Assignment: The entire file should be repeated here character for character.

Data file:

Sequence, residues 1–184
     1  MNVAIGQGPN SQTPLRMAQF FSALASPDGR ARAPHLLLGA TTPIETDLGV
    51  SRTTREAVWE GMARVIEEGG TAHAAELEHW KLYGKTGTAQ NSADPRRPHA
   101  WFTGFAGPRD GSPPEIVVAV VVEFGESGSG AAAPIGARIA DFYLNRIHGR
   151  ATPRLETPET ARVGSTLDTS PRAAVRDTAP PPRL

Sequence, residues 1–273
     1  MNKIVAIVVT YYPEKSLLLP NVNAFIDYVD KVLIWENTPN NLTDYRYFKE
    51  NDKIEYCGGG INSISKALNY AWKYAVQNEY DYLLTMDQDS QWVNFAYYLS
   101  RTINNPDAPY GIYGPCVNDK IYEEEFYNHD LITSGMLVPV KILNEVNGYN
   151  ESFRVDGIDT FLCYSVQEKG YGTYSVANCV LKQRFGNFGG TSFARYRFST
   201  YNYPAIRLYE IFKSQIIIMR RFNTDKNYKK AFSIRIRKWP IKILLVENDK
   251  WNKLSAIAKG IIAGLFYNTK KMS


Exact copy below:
Sequence, residues 1–184
     1  MNVAIGQGPN SQTPLRMAQF FSALASPDGR ARAPHLLLGA TTPIETDLGV
    51  SRTTREAVWE GMARVIEEGG TAHAAELEHW KLYGKTGTAQ NSADPRRPHA
   101  WFTGFAGPRD GSPPEIVVAV VVEFGESGSG AAAPIGARIA DFYLNRIHGR
   151  ATPRLETPET ARVGSTLDTS PRAAVRDTAP PPRL

Sequence, residues 1–273
     1  MNKIVAIVVT YYPEKSLLLP NVNAFIDYVD KVLIWENTPN NLTDYRYFKE
    51  NDKIEYCGGG INSISKALNY AWKYAVQNEY DYLLTMDQDS QWVNFAYYLS
   101  RTINNPDAPY GIYGPCVNDK IYEEEFYNHD LITSGMLVPV KILNEVNGYN
   151  ESFRVDGIDT FLCYSVQEKG YGTYSVANCV LKQRFGNFGG TSFARYRFST
   201  YNYPAIRLYE IFKSQIIIMR RFNTDKNYKK AFSIRIRKWP IKILLVENDK
   251  WNKLSAIAKG IIAGLFYNTK KMS